[WEB SECURITY] Securing apache installation with PHP

Ryan Barnett rcbarnett at gmail.com
Thu May 19 15:55:11 EDT 2005


Valid point.  The feasibility of utilizing this technique in
production will vary.  Of course there is overhead, how much depends
on tons of factors such as; load of visitor traffic, your CPU speed,
RAM, etc...

A more elegant approach would probably be to implement mod_perl and
have it alter this data on the fly.  At least with that mechanism,
mod_perl already has the perl interpreter fired up and ready to go.

OK, all you Perl Gurus on the list - the challenge that I pose to you
all is to come up with some code to not only alter the Server Banner
info but to also make it dynamic (meaning that it randomly changes). 
I would do this but my Perl-Fu needs some work and I just do have the
time.

Any takers?  

-- 
Ryan C. Barnett
Web Application Security Consortium (WASC) Member
SANS Instructor: Securing Apache
GCIA, GCFA, GCIH, GCUX, GSEC


On 5/19/05, Peter Motykowski <pmotykowski at suncorp.coop> wrote:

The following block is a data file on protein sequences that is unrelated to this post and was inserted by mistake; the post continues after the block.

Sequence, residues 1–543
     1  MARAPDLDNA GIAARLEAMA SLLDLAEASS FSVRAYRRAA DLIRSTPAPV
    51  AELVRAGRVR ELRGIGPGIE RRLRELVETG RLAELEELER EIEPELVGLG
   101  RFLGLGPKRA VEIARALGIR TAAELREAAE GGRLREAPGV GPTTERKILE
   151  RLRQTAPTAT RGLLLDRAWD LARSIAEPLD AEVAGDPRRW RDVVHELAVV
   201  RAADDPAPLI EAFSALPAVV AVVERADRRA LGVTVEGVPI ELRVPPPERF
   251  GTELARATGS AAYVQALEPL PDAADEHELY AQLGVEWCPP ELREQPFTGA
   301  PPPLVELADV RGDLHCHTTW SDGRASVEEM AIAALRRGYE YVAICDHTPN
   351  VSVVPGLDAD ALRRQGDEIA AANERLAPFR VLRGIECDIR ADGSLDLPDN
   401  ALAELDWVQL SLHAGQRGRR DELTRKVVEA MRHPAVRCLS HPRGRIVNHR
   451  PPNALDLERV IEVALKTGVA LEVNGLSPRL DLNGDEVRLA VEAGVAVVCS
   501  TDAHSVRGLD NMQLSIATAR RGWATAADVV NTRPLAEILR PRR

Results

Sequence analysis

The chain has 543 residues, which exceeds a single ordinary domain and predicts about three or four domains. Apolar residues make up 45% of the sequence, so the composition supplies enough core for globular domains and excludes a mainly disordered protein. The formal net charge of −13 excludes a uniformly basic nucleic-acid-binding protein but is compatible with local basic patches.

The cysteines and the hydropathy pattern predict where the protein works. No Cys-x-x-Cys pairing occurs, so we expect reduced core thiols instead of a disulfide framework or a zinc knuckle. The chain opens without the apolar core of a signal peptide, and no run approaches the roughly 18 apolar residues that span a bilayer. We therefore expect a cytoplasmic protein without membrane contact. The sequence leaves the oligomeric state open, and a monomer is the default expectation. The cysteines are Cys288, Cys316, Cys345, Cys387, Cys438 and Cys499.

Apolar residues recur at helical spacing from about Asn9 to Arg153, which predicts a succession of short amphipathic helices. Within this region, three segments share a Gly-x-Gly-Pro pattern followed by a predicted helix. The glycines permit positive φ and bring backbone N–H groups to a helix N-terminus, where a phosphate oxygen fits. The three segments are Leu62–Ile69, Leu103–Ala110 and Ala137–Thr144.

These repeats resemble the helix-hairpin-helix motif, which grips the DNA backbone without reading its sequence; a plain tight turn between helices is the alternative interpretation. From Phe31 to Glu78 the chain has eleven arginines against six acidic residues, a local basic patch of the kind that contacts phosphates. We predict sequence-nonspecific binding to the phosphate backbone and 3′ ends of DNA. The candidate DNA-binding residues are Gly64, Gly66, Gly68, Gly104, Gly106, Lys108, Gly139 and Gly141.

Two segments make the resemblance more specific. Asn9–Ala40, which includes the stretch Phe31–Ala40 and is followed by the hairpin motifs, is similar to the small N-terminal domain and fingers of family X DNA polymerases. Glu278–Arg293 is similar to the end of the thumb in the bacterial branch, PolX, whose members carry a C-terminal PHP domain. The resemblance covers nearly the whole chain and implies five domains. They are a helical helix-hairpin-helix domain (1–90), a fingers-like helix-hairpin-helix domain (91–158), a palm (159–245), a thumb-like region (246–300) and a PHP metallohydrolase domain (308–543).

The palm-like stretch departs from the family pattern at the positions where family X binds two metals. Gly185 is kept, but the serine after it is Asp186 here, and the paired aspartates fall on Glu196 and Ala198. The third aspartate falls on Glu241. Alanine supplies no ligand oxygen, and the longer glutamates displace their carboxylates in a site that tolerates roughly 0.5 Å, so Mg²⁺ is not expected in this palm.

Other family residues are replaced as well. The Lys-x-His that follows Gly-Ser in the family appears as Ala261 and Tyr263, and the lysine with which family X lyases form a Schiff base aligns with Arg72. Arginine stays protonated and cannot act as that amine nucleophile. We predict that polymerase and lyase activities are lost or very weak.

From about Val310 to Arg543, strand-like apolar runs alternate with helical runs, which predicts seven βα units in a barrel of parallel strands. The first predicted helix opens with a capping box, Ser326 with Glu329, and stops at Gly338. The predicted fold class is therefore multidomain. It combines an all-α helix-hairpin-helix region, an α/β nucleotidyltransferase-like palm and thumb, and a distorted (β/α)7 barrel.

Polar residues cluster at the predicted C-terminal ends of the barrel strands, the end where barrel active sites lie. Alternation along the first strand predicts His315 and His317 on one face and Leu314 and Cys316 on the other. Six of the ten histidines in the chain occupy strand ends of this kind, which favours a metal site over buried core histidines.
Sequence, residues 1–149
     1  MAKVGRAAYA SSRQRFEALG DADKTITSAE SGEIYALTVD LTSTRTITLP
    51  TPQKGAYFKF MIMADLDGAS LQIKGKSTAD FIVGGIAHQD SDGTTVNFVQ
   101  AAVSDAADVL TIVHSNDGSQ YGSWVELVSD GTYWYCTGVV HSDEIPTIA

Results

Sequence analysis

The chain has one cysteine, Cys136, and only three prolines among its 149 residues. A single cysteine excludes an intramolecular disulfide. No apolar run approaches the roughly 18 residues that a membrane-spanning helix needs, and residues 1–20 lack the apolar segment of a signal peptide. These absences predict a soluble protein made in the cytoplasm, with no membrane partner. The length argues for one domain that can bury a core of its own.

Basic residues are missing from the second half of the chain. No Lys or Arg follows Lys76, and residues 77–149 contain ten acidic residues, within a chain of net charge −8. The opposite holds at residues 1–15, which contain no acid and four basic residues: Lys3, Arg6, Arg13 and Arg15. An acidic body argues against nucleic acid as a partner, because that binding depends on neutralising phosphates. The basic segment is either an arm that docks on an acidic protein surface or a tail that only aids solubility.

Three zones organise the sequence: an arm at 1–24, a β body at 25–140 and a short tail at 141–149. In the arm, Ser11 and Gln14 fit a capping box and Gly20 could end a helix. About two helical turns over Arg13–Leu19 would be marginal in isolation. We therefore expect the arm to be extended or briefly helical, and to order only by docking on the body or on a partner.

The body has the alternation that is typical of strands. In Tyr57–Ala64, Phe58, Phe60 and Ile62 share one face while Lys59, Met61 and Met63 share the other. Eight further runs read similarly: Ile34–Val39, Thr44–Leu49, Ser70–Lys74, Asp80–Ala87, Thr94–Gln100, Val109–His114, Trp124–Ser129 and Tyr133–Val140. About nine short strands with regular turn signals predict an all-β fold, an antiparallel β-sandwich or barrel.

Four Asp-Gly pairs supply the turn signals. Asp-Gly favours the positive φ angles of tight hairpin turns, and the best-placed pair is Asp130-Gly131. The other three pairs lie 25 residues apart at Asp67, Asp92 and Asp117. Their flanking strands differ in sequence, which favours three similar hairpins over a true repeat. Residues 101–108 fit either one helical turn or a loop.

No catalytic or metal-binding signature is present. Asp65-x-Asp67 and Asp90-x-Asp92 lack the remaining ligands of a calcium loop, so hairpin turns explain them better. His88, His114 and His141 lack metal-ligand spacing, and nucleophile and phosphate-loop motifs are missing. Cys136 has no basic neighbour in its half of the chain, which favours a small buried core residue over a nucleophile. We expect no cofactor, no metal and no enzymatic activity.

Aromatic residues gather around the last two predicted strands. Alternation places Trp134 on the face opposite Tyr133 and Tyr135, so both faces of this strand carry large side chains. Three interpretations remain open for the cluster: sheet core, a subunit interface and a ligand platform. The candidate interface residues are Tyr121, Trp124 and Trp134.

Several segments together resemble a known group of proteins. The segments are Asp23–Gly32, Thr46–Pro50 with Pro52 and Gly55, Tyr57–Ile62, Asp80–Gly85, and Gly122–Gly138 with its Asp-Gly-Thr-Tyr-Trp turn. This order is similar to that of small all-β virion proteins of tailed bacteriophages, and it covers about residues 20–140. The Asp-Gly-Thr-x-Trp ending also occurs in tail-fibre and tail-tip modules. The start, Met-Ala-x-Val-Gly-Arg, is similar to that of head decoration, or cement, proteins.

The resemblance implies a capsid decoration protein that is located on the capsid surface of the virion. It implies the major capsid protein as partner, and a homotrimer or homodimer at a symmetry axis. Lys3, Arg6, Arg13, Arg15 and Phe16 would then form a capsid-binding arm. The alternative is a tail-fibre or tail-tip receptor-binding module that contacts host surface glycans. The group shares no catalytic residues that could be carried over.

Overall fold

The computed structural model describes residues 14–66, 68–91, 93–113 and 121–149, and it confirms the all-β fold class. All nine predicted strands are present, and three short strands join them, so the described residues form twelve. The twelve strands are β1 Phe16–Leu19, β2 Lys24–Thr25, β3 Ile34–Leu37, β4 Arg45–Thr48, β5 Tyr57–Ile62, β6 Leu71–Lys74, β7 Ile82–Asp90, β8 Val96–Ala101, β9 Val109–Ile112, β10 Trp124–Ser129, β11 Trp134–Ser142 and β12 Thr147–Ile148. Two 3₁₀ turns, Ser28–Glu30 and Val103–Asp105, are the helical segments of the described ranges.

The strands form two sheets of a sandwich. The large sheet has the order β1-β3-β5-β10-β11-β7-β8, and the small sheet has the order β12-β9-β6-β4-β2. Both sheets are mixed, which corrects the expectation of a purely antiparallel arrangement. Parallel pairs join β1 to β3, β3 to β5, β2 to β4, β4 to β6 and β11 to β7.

> > -----Original Message-----
> > From: Ryan Barnett
> > Sent: Thursday, May 19, 2005 9:15 AM
> > To: Peter Motykowski
> > Cc: websecurity at webappsec.org
> > Subject: Re: [WEB SECURITY] Securing apache installation with PHP
> 
> > ExtFilterDefine fixbanner mode=output ftype=30 \
> > cmd="/bin/sed s|Apache.*$|Netscape-Enterprise/4\.1|g"
> 
> Does spawning a shell command to alter the banner of each outgoing HTTP packet introduce a significant load to the Apache server?  I was doing something similar with the Apache's reverse proxy but never carried that experiment into a production environment.  In that instance I was substituting certain text strings with 'replace' and was worried about the scalability of such a solution.
> 
> Peter
>

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